August 29 - Anthony Adverse released in theaters (1936)
August 29 - Miklos Rozsa begins recording his score for The Miniver Story (1950)
August 29 - Victor Young begins recording his score to The Tall Men (1955)
August 29 - Fred Steiner's score for the Star Trek episode "Charlie X" is recorded (1966)
August 29 - Recording sessions begin for Richard Rodney Bennett's score for Sherlock Holmes in New York (1976)


DID THEY MENTION THE MUSIC?

JOBS - John Debney

"Neither Stern (2008’s 'Swing Vote') nor first-time screenwriter Matt Whitely tackle the globally transformative financial and social implications of Jobs’s accomplishments, nor do they delve into the technical specifics that might convey the magic of bytes and binary codes.It’s just as well. The two can barely manage simple character drama without cliche pronouncements ('Steve, you are your own worst enemy') and overwrought musical cues.

Greg Evans, Bloomberg News

“And still, the movie tries to eulogize the icon all the same, aiming to curry audience favor in the most rudimentary ways. On the heels of scenes that see Jobs axe programmers and dick over his closest friends, the film will shuffle him to one pandering, applause-laden spiel after another, each of them accompanied by John Debney's boisterous score, and, whether depicting a product reveal or simply a plan of the day's duties, regarding Jobs as if he's just made the water coolers dispense wine.”

R. Kurt Osenlund, Slant Magazine

“Director Joshua Michael Stern (‘Swing Vote’) working from a Matt Whitely script, is most at home underlining -- complete with soaring violins on the soundtrack -- the red letter moments in Apple’s history, especially early ones.”

Roger Moore, McClatchy-Tribune News Service

"What we’re left is a bunch of standard biopic highlights, accompanied by music cues that are either on-the-nose hit songs of the recent past or John Debney’s underscoring, which tends to turn the proceedings into Disneyland’s Great Moments with Mr. Lincoln."

Alonso Duralde, The Wrap

"The greater blame rests on the filmmakers, who never find a way to navigate the 'passions, perfectionism, demons, desires, artistry, devilry and obsession for control' that Walter Isaacson enumerated in 'Steve Jobs,' his 2011 authorized biography. Mr. Stern and Mr. Whiteley pile up Jobs’s multitudes: he screams and smirks, the score rises triumphantly only to ease and darken."

Manohla Dargis, New York Times

“Still, the essence of Jobs the creator, the insanely driven cultural game-changer, is intact, in line with his public and professional persona. A gushing score (from John Debney) accompanies various rounds of corporate applause that greet his successes (punctuated with a knowing, told-you-so smile from Kutcher). Stern's direction is solid, occasionally dynamic, while rarely straying from the Apple brief.”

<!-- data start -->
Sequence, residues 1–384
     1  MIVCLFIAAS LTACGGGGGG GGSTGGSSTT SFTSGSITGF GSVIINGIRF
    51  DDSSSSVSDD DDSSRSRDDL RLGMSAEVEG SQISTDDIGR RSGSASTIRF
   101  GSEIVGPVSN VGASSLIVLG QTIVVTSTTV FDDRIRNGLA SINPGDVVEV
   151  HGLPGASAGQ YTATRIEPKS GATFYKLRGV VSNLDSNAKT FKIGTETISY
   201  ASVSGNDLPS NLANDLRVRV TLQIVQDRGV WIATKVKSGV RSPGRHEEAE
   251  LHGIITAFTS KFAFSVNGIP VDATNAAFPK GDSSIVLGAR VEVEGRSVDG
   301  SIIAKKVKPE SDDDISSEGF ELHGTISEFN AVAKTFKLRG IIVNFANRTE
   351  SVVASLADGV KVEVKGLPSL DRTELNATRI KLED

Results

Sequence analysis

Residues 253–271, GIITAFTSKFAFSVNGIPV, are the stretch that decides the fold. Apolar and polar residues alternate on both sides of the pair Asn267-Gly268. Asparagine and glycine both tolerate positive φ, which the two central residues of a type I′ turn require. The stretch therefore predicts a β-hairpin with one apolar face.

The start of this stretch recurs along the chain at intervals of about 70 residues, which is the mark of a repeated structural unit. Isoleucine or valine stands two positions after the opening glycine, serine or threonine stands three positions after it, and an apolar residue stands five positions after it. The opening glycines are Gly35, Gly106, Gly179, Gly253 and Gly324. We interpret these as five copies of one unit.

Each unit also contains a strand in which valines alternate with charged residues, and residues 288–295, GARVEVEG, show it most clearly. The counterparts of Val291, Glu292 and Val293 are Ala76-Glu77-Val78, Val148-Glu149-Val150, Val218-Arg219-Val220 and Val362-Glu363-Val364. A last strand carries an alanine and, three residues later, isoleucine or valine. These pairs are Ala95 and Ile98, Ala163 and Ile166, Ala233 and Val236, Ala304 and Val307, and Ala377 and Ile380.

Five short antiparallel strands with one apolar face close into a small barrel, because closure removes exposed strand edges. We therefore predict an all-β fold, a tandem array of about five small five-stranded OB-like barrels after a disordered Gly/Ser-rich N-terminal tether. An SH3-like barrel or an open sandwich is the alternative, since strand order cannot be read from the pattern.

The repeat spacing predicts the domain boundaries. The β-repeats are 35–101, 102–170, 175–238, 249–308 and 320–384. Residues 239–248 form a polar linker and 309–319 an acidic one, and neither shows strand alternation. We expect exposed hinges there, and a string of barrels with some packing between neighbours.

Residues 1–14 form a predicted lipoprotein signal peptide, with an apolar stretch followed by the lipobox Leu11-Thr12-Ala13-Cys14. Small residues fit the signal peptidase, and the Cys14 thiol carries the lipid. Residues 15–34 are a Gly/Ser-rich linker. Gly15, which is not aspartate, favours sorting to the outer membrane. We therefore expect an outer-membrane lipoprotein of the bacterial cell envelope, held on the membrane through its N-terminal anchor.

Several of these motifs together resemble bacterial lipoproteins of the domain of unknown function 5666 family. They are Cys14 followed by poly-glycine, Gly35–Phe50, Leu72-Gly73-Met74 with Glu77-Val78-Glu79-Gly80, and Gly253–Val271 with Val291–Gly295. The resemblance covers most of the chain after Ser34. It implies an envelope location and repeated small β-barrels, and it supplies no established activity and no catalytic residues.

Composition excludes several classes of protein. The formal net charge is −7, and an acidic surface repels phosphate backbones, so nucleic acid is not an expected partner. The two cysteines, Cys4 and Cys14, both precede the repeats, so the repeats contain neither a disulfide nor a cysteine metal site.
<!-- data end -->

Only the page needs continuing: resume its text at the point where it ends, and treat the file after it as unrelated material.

Ed Gibbs, The Guardian

"The disproportion between the impressiveness of Jobs’ presentation and the enthusiasm of the audience’s response in that first scene is so marked you can’t help but wonder whether what seems to be going on really is. (Not that factual accuracy is everything, but it’s worth noting that the iPod’s actual reception at the time was far less rapturous.) Are we witnessing the triumphant unveiling of a world-changing product by a visionary inventor (a literal reading that the swelling music on the soundtrack would seem to ratify)? Or is this a deliberately exaggerated satire of sycophantic corporate culture, or maybe of our culture’s blind worship of tech entrepreneurship? Or wait -- is Jobs only imagining that the crowd is cheering him so loudly? Is this some kind of dream sequence he’s about to wake up from so that the real movie can begin?"

Dana Stevens, Slate.com

“Production designer Freddy Waff and composer John Debney conspire to lend authenticity with suitable period details and music, well-modulated to each new period of Jobs’ career.”

Justin Lowe, Hollywood Reporter

KICK-ASS 2 - Henry Jackman, Matthew Margeson

"Complete with a taut score by Matthew Margeson and Henry Jackman and gritty cinematography by Tim Maurice-Jones ('Lock, Stock...'), this is 'Kick-Ass 2' by name -- and Kick-Ass too by nature."

Graham Young, Birmingham Mail

The film luxuriates in its edginess, and yet Henry Jackman and Matthew Morgeson's soaring, pedestrian score often takes the sting out of otherwise brutal sequences.

Chris Cabin, Slant Magazine

LEE DANIELS' THE BUTLER - Rodrigo Leão

"'The Butler' is often so good and so powerful (Rodrigo Leão's aching score helps) that the pat moments feel even more disappointing. It's another eyewitness-to-history movie that wraps America's messy past in a too-tidy package."

Rafer Guzman, Newsday

"At times, the rousing music and slow, 'Forrest Gump'-like narration give the film a bit of a Steven Spielberg-lite feeling. But overall, the ensemble cast and important story, as well as the beautiful costumes, make 'The Butler' a worthwhile experience."

Nina Garin, San Diego Union Tribune

"Authentic emotion competes with manufactured sentiment for the heart of 'Lee Daniels' The Butler.' The reality-based film is both deeply affecting and blatant Oscar bait. It's inspiring and filled with fine performances, but the insistently swelling musical score and melodramatic moments seem calculated and undercut a powerful story."

Claudia Puig, USA Today

"In his reconstructed history lesson, Daniels never misses an opportunity to drive home every emotional beat, pumping up Rodrigo Leão’s swelling score as cinematographer Andrew Dunn’s camera captures Cecil’s ramrod nobility. The historical moments are staged not only to underline their importance, but to clarify the movie’s self-importance in restaging or referring to them."

Sean P. Means, The Salt Lake Tribune